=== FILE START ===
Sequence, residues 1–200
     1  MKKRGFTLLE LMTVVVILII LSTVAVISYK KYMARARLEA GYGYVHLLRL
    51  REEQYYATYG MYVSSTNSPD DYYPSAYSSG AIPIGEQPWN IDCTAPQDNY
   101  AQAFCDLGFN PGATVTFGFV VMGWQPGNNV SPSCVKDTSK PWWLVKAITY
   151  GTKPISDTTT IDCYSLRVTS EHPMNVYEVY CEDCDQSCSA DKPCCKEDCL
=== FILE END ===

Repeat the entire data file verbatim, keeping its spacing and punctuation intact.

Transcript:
Sequence, residues 1–200
     1  MKKRGFTLLE LMTVVVILII LSTVAVISYK KYMARARLEA GYGYVHLLRL
    51  REEQYYATYG MYVSSTNSPD DYYPSAYSSG AIPIGEQPWN IDCTAPQDNY
   101  AQAFCDLGFN PGATVTFGFV VMGWQPGNNV SPSCVKDTSK PWWLVKAITY
   151  GTKPISDTTT IDCYSLRVTS EHPMNVYEVY CEDCDQSCSA DKPCCKEDCL